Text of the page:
W3C home > Mailing lists > Public > www-style@w3.org > June 2012

Re: Sticky Positioning

From: Maciej Stachowiak <mjs@apple.com>
Date: Thu, 28 Jun 2012 16:50:17 -0700
Cc: Edward O'Connor <eoconnor@apple.com>, www-style@w3.org
Message-id: <FFA0A930-8DB8-49F8-9C9B-47428120EF13@apple.com>
To: "Tab Atkins Jr." <jackalmage@gmail.com>

On Jun 27, 2012, at 4:01 PM, Tab Atkins Jr. <jackalmage@gmail.com> wrote:

> On Wed, Jun 27, 2012 at 10:32 AM, Edward O'Connor <eoconnor@apple.com> wrote:
>>> I think http://www.xanthir.com/blog/b48H0 addresses the same problem
>>> more generally.
>> The solution in Tab's blog post solves ALL THE PROBLEMS; it is
>> essentially a Grand Unified Theory for positioning. Which is
>> interesting, and definitely worth pursuing. But just because we *could*
>> describe a positioning value in terms of such a Grand Unified Theory
>> doesn't mean that we shouldn't make incremental improvements to the
>> platform now, and add such generalized features later when they're more
>> baked.
> Ignore the first part of that blog post.  Just look at the end, the
> "Containing the Positioned Element" section.  This bit is carveable
> from the rest of the proposal, and solves stickypos in a pretty simple
> way.
> If you want a heading that sticks when it gets within 10px of the top
> of the screen, make it "position: fixed; position-contain: parent;
> top: 10px;".  Or, alternately, "margin-top: 10px; position: relative;
> position-contain: viewport;"

Can you explain in a bit more detail the intended semantic of position-contain? From just your blog post, I can't tell the difference between the above two alternatives or whether either of them would do the same thing as as the proposed "position: sticky". 

My best inference from the blog post is that like the first option would not leave a placeholder, and would prevent the element from scrolling horizontally with its parent; and the latter would prevent the stuck element from ever leaving the screen, even when its parent does. But I might not be fully understanding it.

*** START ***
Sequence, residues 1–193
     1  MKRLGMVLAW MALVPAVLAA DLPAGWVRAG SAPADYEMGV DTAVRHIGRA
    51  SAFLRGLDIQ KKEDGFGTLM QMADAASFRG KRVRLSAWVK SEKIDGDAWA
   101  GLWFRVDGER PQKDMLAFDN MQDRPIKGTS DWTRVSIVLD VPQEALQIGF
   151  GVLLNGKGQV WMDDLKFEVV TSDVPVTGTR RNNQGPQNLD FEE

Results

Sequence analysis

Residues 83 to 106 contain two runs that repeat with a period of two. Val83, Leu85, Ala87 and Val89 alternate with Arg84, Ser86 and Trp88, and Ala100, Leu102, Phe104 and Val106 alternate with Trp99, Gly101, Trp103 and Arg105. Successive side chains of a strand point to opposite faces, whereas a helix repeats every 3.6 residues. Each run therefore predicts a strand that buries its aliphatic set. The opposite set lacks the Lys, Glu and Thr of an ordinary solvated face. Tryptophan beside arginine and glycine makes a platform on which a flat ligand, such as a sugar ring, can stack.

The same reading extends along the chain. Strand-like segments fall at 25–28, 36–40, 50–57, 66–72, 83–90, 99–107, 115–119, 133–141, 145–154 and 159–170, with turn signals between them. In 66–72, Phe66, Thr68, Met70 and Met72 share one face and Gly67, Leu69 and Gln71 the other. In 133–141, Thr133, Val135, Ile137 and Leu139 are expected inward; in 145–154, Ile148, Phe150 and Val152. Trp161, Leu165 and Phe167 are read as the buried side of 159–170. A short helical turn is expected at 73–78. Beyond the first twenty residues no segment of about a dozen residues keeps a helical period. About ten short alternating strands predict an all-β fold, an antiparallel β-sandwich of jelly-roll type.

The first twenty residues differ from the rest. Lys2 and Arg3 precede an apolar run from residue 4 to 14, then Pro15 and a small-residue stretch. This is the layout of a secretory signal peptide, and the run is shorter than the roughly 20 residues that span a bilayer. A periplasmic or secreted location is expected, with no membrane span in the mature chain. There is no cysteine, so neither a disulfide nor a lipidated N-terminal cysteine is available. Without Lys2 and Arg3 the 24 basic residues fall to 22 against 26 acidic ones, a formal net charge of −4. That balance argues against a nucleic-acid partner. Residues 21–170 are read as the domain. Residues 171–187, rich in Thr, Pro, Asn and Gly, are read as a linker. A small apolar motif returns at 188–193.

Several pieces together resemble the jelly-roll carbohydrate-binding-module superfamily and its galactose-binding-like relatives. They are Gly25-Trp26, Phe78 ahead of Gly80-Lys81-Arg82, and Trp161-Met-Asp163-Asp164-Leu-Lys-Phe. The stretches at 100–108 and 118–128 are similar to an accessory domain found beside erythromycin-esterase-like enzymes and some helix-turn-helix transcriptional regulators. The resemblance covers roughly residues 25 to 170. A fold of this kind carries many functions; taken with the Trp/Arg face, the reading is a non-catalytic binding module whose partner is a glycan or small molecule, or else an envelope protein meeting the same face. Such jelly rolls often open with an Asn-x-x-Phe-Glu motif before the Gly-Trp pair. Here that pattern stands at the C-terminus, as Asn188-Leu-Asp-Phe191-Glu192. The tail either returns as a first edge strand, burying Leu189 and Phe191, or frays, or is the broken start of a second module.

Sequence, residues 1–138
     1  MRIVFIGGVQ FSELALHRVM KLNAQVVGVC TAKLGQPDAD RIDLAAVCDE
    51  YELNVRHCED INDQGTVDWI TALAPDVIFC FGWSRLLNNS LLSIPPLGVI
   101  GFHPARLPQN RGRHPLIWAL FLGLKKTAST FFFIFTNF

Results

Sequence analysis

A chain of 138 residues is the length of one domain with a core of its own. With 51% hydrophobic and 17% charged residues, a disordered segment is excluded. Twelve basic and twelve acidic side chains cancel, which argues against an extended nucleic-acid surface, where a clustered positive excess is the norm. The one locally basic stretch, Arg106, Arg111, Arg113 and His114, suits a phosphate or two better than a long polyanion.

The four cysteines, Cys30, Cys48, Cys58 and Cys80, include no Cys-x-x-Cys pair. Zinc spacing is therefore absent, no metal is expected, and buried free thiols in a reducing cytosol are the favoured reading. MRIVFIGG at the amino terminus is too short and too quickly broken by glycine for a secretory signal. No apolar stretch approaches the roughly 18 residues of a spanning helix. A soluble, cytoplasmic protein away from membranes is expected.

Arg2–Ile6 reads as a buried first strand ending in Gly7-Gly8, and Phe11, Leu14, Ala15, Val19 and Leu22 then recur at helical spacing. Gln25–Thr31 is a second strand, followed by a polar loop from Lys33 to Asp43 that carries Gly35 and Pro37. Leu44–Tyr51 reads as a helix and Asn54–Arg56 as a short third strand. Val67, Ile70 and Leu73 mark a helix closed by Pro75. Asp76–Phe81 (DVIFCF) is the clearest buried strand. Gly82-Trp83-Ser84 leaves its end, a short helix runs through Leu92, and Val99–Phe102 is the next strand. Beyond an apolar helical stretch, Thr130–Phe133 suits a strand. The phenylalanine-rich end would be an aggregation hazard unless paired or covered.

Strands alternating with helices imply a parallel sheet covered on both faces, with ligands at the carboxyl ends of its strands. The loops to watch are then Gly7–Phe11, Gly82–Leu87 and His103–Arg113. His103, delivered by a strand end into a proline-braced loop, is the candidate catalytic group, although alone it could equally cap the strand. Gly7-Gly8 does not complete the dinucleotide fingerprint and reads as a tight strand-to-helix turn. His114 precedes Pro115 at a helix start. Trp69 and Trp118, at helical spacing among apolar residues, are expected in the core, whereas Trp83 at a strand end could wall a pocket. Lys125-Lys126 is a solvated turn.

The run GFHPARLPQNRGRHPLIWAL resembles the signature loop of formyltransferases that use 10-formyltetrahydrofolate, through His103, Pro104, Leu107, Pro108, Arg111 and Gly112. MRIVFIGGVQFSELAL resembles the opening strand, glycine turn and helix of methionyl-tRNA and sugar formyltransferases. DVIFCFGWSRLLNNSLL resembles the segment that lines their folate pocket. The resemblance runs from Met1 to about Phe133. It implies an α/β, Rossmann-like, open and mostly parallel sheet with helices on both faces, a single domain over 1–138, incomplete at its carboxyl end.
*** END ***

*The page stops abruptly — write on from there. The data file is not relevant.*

My best understanding of position: stick is:
- It leaves a placeholder like relative position would
- It positions relative to the intersection of its containing block and the viewport

This seems like a powerful combination for achieving many desirable scrolling effects without scripting. It seems like position-contain, while more complex and potentially harder to use correctly, doesn't provide a direct equivalent to positon:sticky by itself. For example, it seems like neither of the options you gave above would be suitable for the iOS Contacts style sticky headers use case.

I think the idea of a more general mechanism has some appeal. But at the same time, we need to ensure that:
(a) it actually would handle all the use cases; and
(b) it is simple to use for simple cases.

If we get to the point of needing three or four properties to do what could be done with one, then we should think about whether the general solution alone is sufficient. CSS does not have good abstraction mechanisms for packaging sets of properties and their values, so natural syntax for common cases can't be punted to libraries.

Received on Thursday, 28 June 2012 23:50:40 UTC

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